Black said that the two-thirds of retinal dystrophy patients for whom current tests are ineffective either have a recessive condition or sporadic disease with no family history. "While patients with no family history are likely to have recessive disease, it's possible that it is in fact X-linked or dominant. But, until now, we have not been able prove it."

For those patients in particular, the next-gen assay could help pinpoint a diagnosis that would affect patient management, he said.

Already, among the patients that have been tested, "we've found new dominant mutations and X-linked mutations," Black said. "So you're able to determine many more of the unexpected results and go beyond averages to more clear-cut approaches to diagnosis."

Even though there is no cure for retinal dystrophy, a molecular diagnosis can still affect patient management, said Black. For instance, he said, in the case of patients with a suspected recessive disorder, it is important to rule out an X-linked cause because that may impact a patient's decision about having children.

Additionally, the test may identify whether a patient is a carrier for other retinal dystrophies.

One recessive disorder, Bardet-Biedl syndrome, is associated not only with retinal dystrophy, but also polydactyly, developmental disorders, and obesity. Patients with that syndrome are also recommended to have annual screenings for kidney problems. Black said that among the patients that have been screened so far, some have been found to have variants in the same genes that are associated with Bardet-Biedl syndrome. While the consequences of those variants need to be more fully studied, it suggests "potentially, that screening for kidney problems in those patients may be worthwhile," said Black.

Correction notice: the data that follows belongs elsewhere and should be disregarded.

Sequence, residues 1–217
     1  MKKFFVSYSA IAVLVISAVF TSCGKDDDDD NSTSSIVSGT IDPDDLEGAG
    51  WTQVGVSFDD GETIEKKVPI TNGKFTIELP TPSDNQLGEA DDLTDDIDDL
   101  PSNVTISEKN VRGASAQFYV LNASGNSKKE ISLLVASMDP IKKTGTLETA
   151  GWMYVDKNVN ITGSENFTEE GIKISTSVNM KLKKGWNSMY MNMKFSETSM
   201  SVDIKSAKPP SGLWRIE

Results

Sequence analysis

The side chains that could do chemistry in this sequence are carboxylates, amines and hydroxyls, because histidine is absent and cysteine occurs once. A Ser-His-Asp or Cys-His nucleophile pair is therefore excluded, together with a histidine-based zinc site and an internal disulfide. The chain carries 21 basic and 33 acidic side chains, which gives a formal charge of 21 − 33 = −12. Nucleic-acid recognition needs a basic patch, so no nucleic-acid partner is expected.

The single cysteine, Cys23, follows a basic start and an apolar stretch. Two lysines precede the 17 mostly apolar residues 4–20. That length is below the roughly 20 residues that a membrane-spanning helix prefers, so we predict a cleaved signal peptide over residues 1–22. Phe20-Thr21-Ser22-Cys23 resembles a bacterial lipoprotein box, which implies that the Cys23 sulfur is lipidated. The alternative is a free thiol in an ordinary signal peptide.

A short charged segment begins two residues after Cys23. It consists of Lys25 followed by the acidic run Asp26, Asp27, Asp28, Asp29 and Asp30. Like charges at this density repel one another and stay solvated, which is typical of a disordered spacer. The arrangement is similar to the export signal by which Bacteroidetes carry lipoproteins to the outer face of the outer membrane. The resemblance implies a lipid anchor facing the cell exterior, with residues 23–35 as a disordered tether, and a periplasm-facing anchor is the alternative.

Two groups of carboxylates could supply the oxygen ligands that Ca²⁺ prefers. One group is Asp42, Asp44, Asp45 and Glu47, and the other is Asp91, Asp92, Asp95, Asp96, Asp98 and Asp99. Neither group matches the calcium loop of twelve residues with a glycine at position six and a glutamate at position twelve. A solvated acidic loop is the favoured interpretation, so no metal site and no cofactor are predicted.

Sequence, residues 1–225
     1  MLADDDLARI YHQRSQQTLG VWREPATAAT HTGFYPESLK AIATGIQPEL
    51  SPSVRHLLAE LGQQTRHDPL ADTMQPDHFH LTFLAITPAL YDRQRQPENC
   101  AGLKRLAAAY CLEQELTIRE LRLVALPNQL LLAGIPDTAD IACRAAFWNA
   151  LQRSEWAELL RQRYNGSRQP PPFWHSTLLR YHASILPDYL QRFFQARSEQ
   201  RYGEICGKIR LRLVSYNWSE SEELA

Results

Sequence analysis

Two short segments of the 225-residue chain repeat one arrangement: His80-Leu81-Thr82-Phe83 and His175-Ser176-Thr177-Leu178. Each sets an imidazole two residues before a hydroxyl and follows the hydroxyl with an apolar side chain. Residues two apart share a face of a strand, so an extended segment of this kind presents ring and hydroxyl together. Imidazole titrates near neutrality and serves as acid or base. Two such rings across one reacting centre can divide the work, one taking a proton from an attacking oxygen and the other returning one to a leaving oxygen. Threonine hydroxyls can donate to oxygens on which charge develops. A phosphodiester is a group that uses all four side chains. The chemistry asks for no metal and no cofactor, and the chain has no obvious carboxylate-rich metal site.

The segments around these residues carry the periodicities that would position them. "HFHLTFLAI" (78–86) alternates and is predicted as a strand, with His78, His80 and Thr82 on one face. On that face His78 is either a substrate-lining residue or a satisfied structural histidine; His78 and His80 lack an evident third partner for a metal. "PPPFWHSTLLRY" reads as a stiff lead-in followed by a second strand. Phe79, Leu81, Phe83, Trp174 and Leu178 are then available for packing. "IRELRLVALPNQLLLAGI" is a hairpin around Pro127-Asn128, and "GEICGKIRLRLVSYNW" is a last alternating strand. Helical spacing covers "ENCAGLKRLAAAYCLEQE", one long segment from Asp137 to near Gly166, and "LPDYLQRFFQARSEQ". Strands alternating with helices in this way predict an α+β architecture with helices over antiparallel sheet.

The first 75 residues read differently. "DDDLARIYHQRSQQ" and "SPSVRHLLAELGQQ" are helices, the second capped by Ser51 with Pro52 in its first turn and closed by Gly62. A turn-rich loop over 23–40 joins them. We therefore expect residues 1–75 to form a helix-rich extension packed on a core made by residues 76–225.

For another subtype of retinal dystrophy caused by mutations to the gene RPE65, gene therapy has demonstrated treatment potential. So, as specific gene therapy treatments become available, a molecular diagnosis will be important for "knowing whether that's relevant to you or not" and will inform whether a patient is "eligible for entering into a clinical trial," Black said.

Black anticipates that the test will identify three classes of patients: those in which a pathogenic variant is identified, those that have variants with uncertain pathogenicity, and those with no significant variants.

For those patients with variants of unknown pathogenicity, results will be returned to the physician with a report explaining that the variants have unknown significance, but these variants will not be verified by Sanger sequencing.

Patient data will also be stored, so as more research is done on those variants or as the bioinformatic tools improve, physicians can go back to the reports and re-analyze the results.

Going forward, Black said that the "test will not stay static." Genes are being discovered on a regular basis and "the assay will be updated in a step-wise progression," he said.

He said that the team is also aiming to develop sequencing-based tests for a range of other disorders, first with monogenic conditions, and then with more common diseases, and has a number of different sequencing platforms available.

Have topics you'd like to see covered by Clinical Sequencing News? Contact the editor at mheger [at] genomeweb [.] com.